Childish Nonsense

Exploring Children's Literature

April 16

on April 16, 2013

MeI spent this past weekend in the company of writers and book lovers of all descriptions. If you are interested in writing and have never been to a retreat, consider going. Heck, make your own retreat. Get a hotel room somewhere and unplug the phone. I have at least one friend who literally does this occasionally.

But I digress. I attended the 21st Annual Retreat conducted by the Eastern PA region of the SCBWI. Which, in itself, is fabulous enough. But, for the first year, it was held in the new Barn at Boyds Mills, owned and operated by the Highlights Foundation. To borrow the vernacular, OMG! Not only did Highlights treat the group like royalty, but I learned so much, wrote so much, and had a great time doing it.

I participated in the workshop conducted by Darcy Pattison, for whose website I do book reviews. I’m working on a total re-write of a middle grade novel that sat in the drawer for a couple of years. Darcy really made us work, which is a good thing. Through some of the exercises, I saw a few holes in the book, so it was completely worth the six-hour trip from my house to Honesdale.

The large group sessions were wonderful for networking, etc. The weather was not great, but that enforced the idea of staying in and working. I think I will be going again.

 

And yes, I did find time to finish reading Son. What a great book.Son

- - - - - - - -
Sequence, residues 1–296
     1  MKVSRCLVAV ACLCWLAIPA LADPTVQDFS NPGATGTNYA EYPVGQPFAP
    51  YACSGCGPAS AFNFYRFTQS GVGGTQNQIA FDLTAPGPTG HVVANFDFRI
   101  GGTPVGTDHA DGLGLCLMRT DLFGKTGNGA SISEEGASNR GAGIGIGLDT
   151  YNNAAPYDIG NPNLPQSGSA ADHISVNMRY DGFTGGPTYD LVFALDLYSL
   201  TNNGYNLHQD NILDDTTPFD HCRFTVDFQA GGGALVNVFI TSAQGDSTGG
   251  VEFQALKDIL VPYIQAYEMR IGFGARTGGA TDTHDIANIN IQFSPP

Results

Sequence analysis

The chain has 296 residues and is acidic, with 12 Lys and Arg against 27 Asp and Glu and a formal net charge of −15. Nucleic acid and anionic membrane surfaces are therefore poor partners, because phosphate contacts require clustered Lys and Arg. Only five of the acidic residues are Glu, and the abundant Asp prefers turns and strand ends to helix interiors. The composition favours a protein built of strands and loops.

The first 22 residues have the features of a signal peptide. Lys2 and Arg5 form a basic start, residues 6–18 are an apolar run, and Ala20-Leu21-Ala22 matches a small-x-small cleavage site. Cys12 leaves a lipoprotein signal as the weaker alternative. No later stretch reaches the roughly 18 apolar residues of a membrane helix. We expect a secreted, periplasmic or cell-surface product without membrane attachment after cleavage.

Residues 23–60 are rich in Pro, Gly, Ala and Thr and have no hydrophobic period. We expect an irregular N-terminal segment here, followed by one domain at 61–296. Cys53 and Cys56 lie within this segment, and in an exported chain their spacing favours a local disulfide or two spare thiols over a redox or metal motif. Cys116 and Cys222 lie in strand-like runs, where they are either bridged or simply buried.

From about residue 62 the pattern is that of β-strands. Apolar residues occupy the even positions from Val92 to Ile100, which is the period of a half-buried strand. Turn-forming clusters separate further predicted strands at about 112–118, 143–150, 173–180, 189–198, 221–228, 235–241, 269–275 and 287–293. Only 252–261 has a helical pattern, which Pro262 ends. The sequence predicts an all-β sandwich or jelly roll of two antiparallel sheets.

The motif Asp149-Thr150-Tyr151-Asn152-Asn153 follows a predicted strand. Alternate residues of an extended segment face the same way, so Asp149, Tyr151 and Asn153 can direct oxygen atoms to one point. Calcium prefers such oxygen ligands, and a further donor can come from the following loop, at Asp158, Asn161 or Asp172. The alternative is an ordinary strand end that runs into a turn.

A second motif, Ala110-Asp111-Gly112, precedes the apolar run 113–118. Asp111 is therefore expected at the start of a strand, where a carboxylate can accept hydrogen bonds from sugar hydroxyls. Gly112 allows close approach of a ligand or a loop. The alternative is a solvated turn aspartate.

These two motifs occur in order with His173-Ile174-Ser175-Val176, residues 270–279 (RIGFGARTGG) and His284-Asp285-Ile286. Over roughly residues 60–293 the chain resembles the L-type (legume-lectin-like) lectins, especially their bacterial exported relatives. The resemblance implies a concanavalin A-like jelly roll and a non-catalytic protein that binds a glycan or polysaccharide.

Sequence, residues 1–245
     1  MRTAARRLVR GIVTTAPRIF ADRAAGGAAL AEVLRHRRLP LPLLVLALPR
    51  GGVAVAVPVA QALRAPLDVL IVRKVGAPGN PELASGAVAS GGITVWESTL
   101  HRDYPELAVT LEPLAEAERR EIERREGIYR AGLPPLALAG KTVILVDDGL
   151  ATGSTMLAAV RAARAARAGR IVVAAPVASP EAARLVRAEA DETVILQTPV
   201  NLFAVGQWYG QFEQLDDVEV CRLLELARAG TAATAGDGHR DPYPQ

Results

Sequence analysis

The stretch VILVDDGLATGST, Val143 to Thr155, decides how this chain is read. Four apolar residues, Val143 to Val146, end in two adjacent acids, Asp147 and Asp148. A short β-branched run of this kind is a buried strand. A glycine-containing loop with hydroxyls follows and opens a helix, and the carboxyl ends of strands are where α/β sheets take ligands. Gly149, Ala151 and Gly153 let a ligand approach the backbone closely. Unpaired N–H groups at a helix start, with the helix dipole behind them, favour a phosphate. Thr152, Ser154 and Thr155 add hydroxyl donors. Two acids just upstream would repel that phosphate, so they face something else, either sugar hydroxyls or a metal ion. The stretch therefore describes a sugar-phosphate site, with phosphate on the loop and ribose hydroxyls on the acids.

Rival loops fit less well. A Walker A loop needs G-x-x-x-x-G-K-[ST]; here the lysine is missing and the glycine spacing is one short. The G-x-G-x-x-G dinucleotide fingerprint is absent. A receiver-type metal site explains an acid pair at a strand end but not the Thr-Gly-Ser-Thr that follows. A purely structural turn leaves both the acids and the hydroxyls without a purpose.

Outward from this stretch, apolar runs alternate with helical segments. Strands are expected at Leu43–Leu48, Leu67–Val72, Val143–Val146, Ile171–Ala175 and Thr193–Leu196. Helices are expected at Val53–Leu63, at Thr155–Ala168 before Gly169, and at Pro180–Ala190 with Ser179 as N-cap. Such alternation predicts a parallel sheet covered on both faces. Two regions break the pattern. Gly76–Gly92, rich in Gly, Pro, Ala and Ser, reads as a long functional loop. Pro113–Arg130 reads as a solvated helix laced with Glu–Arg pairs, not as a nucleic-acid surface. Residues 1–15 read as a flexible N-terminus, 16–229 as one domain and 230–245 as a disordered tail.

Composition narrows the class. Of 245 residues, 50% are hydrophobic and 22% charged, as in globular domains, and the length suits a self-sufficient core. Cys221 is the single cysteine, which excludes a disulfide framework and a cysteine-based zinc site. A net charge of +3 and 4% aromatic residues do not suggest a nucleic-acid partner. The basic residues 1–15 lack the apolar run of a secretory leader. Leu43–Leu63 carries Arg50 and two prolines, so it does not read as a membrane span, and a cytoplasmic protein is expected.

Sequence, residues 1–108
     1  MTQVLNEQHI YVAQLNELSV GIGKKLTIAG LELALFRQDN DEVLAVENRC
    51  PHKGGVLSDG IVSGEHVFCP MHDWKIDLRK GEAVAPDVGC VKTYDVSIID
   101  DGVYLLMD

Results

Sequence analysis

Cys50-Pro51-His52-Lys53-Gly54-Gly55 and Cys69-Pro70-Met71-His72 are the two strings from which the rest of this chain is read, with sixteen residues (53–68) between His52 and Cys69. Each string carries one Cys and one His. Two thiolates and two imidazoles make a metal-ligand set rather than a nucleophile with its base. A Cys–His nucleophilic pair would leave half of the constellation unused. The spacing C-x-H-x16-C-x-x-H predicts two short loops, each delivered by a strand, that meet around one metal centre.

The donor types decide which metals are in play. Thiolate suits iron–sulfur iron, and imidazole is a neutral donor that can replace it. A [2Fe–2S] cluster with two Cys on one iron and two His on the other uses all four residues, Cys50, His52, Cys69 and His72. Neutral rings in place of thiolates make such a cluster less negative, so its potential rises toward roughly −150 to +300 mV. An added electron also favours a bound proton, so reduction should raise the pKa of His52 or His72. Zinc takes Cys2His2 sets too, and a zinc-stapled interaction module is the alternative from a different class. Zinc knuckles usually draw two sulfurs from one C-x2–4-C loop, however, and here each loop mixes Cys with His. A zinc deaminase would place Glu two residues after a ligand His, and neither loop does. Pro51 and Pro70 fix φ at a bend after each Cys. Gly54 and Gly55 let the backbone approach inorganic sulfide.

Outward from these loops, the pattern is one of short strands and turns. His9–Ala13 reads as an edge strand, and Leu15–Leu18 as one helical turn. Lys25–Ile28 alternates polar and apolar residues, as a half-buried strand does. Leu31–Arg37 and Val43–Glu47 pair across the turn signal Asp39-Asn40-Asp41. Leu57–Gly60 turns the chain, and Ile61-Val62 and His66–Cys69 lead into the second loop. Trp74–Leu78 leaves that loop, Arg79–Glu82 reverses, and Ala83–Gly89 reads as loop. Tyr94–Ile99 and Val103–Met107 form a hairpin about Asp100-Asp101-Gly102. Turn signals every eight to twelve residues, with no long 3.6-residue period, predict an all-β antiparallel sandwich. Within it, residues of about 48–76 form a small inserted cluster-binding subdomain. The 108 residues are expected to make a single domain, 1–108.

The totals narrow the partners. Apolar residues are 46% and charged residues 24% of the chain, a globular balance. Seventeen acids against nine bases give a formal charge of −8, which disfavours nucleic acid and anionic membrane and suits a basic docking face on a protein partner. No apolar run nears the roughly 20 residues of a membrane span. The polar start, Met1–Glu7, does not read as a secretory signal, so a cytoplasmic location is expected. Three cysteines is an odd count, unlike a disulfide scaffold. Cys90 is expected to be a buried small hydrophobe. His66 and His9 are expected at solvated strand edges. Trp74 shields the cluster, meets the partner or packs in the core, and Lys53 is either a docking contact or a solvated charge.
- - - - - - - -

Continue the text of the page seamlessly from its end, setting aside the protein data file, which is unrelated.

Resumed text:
In some ways, I believe this is the best of the four in this series. “Son” is the baby Gabe from The Giver. Son begins at approximately the same time as The Giver. The reader sees Gabe’s mother (birthmother) Claire as she struggles to come to terms with being dropped as a birthmother because Gabe’s was a difficult birth. “They” forget about her, unceremoniously moving her to the fish hatchery and not helping her to reintegrate into society. She follows Gabe’s saga by volunteering at the Nurturing Center. When Jonas leaves and sends the village into chaos, Claire also leaves and finds a much different life. She struggles to recover her former life and contact with her son, finally ending up in the same village with Gabe, Jonas, and Kira.

Again, I love Lowry’s ability to show us the world she’s created through multiple perspectives. It’s not just simple points of view. She’s showing us the wall/snake/tree trunk aspects of the old story of three blind people describing the elephant. This book ends in classic struggle of good versus evil. Do you want to know which one wins and how?

Title: Son

Written by: Lois Lowry

Houghton Mifflin Harcourt, 2012

Hardcover, 393 pages

ISBN: 978-0-547-88720-3

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